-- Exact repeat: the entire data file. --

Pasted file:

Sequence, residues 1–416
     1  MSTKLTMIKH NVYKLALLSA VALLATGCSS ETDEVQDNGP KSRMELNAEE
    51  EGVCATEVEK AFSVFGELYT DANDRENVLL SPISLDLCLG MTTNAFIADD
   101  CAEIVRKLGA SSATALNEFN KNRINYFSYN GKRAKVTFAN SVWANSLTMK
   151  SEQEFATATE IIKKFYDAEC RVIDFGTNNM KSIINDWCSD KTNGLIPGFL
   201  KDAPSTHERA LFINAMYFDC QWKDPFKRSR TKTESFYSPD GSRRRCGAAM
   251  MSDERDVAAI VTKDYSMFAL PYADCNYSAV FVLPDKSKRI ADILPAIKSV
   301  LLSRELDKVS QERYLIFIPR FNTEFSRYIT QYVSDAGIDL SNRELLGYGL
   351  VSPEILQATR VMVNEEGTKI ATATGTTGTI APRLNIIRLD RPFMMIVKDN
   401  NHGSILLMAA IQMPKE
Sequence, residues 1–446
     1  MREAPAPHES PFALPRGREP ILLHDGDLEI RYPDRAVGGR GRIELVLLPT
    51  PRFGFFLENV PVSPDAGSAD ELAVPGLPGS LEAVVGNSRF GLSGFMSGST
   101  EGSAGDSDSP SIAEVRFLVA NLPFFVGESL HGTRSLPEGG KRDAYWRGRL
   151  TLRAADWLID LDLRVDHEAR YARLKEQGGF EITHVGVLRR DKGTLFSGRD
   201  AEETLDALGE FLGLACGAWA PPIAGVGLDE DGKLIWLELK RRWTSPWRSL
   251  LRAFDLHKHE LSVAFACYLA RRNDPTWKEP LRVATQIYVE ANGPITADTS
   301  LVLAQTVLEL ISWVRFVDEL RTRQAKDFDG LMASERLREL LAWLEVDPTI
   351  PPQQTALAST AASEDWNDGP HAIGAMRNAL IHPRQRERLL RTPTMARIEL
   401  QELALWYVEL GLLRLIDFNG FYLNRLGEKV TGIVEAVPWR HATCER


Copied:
Sequence, residues 1–416
     1  MSTKLTMIKH NVYKLALLSA VALLATGCSS ETDEVQDNGP KSRMELNAEE
    51  EGVCATEVEK AFSVFGELYT DANDRENVLL SPISLDLCLG MTTNAFIADD
   101  CAEIVRKLGA SSATALNEFN KNRINYFSYN GKRAKVTFAN SVWANSLTMK
   151  SEQEFATATE IIKKFYDAEC RVIDFGTNNM KSIINDWCSD KTNGLIPGFL
   201  KDAPSTHERA LFINAMYFDC QWKDPFKRSR TKTESFYSPD GSRRRCGAAM
   251  MSDERDVAAI VTKDYSMFAL PYADCNYSAV FVLPDKSKRI ADILPAIKSV
   301  LLSRELDKVS QERYLIFIPR FNTEFSRYIT QYVSDAGIDL SNRELLGYGL
   351  VSPEILQATR VMVNEEGTKI ATATGTTGTI APRLNIIRLD RPFMMIVKDN
   401  NHGSILLMAA IQMPKE
Sequence, residues 1–446
     1  MREAPAPHES PFALPRGREP ILLHDGDLEI RYPDRAVGGR GRIELVLLPT
    51  PRFGFFLENV PVSPDAGSAD ELAVPGLPGS LEAVVGNSRF GLSGFMSGST
   101  EGSAGDSDSP SIAEVRFLVA NLPFFVGESL HGTRSLPEGG KRDAYWRGRL
   151  TLRAADWLID LDLRVDHEAR YARLKEQGGF EITHVGVLRR DKGTLFSGRD
   201  AEETLDALGE FLGLACGAWA PPIAGVGLDE DGKLIWLELK RRWTSPWRSL
   251  LRAFDLHKHE LSVAFACYLA RRNDPTWKEP LRVATQIYVE ANGPITADTS
   301  LVLAQTVLEL ISWVRFVDEL RTRQAKDFDG LMASERLREL LAWLEVDPTI
   351  PPQQTALAST AASEDWNDGP HAIGAMRNAL IHPRQRERLL RTPTMARIEL
   401  QELALWYVEL GLLRLIDFNG FYLNRLGEKV TGIVEAVPWR HATCER